My Slave-Owning Ancestor, Part IX

My great-great-great-grandfather Daniel Hackney, Jr., was appointed to chair a public meeting at Love’s Creek Baptist Church in Chatham County, North Carolina, on August 29, 1863. That was nearly two months after the Union victory at the Battle of Gettysburg in Pennsylvania. Hackney, a former politician, owned 14 slaves, served as a deacon at Love’s Creek Baptist Church, and was 3rd Lieutenant in Chatham County’s Home Guard. His report about that meeting was published in the September 10, 1863, issue of the Fayetteville Observer newspaper in Fayetteville, North Carolina.

After Hackney and other speakers addressed the assembly, those present declared “full confidence” in the Confederate government and “abiding faith” in Divine Providence. They expressed their opinion that “a reconstruction of the Union is a thing impossible” and disapproval of so-called “peace meetings” in various parts of the Old North State. Finally, they resolved that it was their duty “to sustain the President of the Confederate States and the Governor of North Carolina, in the discharge of all their constitutional duties.”

I have other relatives who were just as unwavering in their convictions as Hackney was, only not for his cause.

On November 10, 1862, Henry W. Ayer wrote his official report to Governor Zebulon B. Vance of North Carolina about war-related manufacturing contracts in Forsyth County. His letter ends, however, with a dire warning about Elkanah Willard, whose name comes from the father of the Prophet Samuel in the Bible. This Willard is my second cousin, fourth removed, and lived in Yadkin County, which is adjacent to and west of Forsyth County. Here’s what Ayer said about him, and note that Richard M. Pearson was the Chief Justice of the North Carolina Supreme Court:

I am authorized and requested by Chief Justice Pearson to lay before your Excellency the following facts, There is a man in Yadkin county near Mount Nebo . . . named Elkanah Willard, who openly defied the law, first, By rescueing his brother who is a conscript (he himself is not) from a guard who had him in custody by a display of arms and open force. Secondly, by putting Capt Fleming and the men accompanying him at defiance, in such a way that they were obliged to shoot him down or rush upon him armed as he was at the iminent danger of their lives The Capt says he could have shot him down or at the risk of his life have attempted to arrest him but as he was a man of most desperate character and has 5 older brothers as bad as himself, the better plan he thought was to let him alone — It is the opinion of the well affected neighbors in order to avoid bloodshed that the best policy would be to send an officer with 12 to 15 armed men — to arrest him, supposing that this display of force would let them see their resistance was hopeless and that they would surrender without opposition Whereas it tampered with and not put down at the start it may result in some dreadful evil. The effect of armed men in the neighborhood, would be wholesome in many ways, as there is some disaffection in that part of the County. This man Willard has said he would rather join the Federal Army than ours — The above statement are facts, vouched for by Judge Pearson. Any thing else coming to my knowledge will be promptly reported to your Excellency.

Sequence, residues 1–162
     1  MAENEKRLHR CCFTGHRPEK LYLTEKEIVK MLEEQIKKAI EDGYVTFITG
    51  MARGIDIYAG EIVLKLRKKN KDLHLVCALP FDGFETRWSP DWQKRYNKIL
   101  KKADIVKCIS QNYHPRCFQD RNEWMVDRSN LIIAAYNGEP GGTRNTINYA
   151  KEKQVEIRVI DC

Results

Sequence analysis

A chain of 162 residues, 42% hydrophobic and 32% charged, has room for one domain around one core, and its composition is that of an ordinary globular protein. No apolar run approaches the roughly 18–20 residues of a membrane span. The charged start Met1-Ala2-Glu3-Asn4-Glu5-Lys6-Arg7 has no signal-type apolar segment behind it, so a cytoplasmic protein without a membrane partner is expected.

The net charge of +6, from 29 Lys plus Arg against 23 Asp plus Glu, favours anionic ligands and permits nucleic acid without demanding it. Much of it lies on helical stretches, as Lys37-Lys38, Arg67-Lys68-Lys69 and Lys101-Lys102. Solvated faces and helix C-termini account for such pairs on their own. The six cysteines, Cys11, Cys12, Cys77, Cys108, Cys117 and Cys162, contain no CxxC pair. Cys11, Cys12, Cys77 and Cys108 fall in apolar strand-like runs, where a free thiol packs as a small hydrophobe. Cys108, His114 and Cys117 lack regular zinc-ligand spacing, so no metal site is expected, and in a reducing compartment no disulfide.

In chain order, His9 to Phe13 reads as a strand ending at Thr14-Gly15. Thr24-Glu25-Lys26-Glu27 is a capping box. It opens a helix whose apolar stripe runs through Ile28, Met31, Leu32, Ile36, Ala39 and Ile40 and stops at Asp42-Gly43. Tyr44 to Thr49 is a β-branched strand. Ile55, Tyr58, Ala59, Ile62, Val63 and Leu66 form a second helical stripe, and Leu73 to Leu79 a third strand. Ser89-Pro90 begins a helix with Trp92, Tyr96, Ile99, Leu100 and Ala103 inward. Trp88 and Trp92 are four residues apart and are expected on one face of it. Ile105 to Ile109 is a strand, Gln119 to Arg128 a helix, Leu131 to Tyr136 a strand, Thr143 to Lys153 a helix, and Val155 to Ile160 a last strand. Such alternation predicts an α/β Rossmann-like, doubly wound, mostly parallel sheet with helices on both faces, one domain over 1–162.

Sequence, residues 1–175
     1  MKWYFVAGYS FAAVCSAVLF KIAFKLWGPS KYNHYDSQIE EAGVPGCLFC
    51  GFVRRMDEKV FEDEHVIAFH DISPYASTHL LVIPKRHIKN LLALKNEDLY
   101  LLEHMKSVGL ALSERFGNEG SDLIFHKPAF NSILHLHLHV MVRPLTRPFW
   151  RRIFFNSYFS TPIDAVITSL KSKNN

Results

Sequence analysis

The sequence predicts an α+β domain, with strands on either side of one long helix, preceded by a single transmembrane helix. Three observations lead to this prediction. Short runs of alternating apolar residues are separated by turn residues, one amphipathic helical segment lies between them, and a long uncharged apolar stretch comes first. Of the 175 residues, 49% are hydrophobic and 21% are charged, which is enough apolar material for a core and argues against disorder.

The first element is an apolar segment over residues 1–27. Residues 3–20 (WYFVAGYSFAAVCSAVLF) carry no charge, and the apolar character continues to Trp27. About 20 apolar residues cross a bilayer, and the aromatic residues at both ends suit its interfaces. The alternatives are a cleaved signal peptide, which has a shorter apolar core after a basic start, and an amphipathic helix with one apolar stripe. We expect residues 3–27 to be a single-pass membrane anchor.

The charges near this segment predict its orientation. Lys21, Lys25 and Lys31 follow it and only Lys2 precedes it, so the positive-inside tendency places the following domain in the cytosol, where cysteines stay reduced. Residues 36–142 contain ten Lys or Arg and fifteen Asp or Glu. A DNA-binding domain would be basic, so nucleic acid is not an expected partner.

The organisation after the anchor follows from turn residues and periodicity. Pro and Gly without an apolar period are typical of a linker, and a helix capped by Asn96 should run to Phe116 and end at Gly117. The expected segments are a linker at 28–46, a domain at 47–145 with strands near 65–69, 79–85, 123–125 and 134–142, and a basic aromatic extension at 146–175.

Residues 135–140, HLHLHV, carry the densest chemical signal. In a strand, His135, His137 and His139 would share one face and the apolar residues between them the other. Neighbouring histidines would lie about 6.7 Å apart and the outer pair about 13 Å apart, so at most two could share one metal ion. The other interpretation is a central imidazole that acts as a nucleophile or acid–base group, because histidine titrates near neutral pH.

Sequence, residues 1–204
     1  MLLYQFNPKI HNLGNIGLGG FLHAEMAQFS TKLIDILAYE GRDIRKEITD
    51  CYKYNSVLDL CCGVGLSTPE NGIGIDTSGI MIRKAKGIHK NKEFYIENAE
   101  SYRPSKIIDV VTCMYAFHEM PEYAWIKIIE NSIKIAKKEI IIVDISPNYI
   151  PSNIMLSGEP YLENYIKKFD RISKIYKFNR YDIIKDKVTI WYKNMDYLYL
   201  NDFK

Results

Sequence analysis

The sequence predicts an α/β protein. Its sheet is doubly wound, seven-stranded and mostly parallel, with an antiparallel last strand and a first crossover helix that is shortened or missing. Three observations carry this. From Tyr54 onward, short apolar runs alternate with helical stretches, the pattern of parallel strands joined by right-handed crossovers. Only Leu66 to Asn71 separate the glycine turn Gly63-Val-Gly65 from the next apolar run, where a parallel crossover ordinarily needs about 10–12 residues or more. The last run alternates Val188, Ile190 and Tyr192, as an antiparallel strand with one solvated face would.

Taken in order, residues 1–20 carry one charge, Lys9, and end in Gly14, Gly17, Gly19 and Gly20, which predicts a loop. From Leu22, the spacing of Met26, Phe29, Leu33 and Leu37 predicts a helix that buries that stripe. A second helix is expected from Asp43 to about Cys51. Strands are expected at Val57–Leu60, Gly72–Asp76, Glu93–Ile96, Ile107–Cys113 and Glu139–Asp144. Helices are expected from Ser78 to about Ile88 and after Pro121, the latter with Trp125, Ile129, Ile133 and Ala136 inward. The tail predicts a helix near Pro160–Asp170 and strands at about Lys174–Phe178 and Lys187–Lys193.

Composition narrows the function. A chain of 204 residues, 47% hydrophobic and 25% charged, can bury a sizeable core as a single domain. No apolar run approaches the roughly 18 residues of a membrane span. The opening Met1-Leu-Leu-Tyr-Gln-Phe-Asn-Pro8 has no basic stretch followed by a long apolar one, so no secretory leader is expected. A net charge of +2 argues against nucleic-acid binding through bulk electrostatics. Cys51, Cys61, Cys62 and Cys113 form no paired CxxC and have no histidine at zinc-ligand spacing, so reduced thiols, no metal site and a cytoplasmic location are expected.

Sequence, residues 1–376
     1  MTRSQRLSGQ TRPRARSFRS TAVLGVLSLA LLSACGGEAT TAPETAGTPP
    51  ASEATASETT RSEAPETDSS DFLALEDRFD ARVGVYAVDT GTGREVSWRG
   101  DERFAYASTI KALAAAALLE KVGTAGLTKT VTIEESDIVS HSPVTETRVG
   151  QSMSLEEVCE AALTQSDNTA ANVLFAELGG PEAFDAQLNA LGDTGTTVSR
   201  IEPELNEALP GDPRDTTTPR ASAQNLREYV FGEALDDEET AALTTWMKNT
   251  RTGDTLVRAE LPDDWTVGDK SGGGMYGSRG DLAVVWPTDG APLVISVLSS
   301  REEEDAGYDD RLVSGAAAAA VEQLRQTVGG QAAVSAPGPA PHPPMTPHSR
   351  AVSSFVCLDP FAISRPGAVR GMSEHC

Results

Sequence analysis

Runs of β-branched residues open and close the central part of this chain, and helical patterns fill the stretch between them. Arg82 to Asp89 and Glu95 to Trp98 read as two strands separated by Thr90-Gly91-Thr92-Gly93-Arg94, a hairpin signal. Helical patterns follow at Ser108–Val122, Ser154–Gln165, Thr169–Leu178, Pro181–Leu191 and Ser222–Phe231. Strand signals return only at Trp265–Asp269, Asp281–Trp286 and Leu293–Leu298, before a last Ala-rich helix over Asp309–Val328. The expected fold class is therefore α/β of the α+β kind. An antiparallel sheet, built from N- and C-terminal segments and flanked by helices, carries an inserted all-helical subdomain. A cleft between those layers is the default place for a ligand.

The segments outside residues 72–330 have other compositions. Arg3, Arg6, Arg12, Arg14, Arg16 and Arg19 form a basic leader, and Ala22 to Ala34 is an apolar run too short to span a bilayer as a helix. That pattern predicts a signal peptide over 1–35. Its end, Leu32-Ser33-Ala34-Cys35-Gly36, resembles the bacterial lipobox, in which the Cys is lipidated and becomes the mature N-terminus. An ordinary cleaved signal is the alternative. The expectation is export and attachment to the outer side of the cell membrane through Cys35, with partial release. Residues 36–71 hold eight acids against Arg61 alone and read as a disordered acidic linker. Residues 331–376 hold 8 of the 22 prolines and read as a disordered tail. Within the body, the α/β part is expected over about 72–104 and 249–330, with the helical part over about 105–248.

That same year, 1862, Elkanah Willard was indeed arrested for speaking in favor of the Union and rescuing a draft-dodging brother. But that was only the beginning. He was eventually released from custody, legally or illegally, before his next escapades.

15 men gathered in the Bond Schoolhouse, named for a Quaker and near the Deep Creek Friends Meeting House, in Yadkin County on the night of February 11, 1863. That group, which was evading the Confederate draft and making plans to cross over to Union territory in Tennessee, included William, Benjamin, and Lee Willard, who were three of Elkanah Willard’s brothers. Their number increased to 16 early the next day when another member of their party joined them with a newspaper. Anxious to hear news of the war, they forgot to post a guard. So they were caught by surprise when at least 12 members of the state militia, having been tipped off about their hiding place, rode out to the schoolhouse to arrest them. The shootout that ensued left two men killed on each side, two men wounded among the Unionists, including Benjamin Willard, and no one in custody after the state militia withdrew.

According to one recollection, “the Willard boys did most of the shooting.” The next day, February 13, they were named along with the other 11 surviving Unionists in a warrant for the arrest of all 14 of them for murder “with malice aforethought.” A few days later, four of them — but none of the Willard brothers — were in custody. That’s the context for attorney R.F. Armfield’s letter to Governor Vance about this incident and how it fit into political debates about the Confederate draft, which was extremely controversial in North Carolina because that draft was not controlled by the state. So states’ rights were, ironically, being trampled upon by the First Congress of the Confederate States of America for the sake of immediate necessity.